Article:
My college acting teacher said you should always memorize the material ahead of time for any audition you go to, so you can be totally prepared. Then I was in a workshop and the teacher said not to memorize stuff for auditions. This doesn't make sense. Why wouldn't you want to be prepared? Which advice is right?
—Memory


Dear Memory:
They are both right. Your college teacher was right to encourage you to prepare fully for audition opportunities; your workshop teacher was right to suggest that you don't overdo it. You wouldn't audition in full makeup and costume, would you? In a way, going in off-book indicates the same thing to the auditors, that they're watching you "perform" the scene. You want them to get the feeling that you're still discovering the material—that, while you are quite prepared, you are still flexible and unrehearsed. So do both.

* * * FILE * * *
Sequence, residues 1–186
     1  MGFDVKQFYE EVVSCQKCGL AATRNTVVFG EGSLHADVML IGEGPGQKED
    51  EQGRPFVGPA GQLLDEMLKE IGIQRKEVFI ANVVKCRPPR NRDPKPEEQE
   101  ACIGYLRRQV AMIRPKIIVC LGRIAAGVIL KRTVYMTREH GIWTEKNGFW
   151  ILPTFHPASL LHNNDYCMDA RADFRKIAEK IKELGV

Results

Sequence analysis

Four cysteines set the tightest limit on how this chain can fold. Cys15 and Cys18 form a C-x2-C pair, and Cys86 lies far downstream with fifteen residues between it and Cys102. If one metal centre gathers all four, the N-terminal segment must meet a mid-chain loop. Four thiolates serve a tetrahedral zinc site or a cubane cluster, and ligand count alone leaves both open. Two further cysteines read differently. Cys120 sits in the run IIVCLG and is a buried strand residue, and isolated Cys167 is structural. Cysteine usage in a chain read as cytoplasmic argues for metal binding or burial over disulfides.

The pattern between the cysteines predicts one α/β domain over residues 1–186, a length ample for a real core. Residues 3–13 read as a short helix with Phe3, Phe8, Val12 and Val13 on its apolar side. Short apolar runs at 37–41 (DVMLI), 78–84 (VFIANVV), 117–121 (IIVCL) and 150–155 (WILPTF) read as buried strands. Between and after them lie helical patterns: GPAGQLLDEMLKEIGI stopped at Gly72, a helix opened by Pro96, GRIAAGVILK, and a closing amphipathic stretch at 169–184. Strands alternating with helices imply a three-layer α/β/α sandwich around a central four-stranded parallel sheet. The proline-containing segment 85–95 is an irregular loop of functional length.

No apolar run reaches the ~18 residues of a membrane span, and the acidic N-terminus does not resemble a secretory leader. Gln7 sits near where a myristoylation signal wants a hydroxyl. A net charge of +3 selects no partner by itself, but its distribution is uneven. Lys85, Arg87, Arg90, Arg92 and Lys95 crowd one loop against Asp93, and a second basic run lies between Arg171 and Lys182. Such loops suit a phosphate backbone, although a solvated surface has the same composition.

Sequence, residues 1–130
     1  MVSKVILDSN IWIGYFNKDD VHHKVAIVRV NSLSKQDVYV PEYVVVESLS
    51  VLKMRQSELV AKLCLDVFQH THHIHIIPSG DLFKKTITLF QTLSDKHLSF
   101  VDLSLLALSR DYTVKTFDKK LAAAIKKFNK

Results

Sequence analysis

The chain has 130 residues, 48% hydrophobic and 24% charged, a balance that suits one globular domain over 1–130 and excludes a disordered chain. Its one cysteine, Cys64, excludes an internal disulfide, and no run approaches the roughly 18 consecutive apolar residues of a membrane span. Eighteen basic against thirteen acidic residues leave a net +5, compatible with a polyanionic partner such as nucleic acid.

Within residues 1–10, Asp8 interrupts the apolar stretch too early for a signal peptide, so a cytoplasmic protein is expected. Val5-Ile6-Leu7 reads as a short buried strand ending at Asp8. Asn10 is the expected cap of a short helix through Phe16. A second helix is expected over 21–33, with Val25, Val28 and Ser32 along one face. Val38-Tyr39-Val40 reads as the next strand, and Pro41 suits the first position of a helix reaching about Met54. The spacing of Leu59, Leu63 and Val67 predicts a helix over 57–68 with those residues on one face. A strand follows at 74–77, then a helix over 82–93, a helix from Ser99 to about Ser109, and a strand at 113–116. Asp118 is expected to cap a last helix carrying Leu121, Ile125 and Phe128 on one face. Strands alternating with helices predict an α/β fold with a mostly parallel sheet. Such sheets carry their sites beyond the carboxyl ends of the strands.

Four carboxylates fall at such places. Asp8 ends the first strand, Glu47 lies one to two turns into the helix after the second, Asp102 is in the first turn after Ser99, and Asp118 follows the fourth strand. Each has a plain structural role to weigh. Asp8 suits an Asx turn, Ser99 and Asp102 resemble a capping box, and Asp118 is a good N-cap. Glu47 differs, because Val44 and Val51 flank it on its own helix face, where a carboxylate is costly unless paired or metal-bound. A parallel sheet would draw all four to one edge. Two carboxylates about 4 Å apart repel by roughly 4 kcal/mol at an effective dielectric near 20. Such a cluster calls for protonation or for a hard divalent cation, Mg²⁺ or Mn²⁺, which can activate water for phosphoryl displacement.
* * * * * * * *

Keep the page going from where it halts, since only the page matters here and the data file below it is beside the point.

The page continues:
Memorize the material but hold on to the sides. Glance at them a couple times during your reading, whether you need to or not. (This also avoids the nightmare situation of telling them you don't need the script and then having to call for a line.) If things go well, they'll be left saying, "Wow! Such a great interpretation! We can't wait to see what he does after he gets off-book!"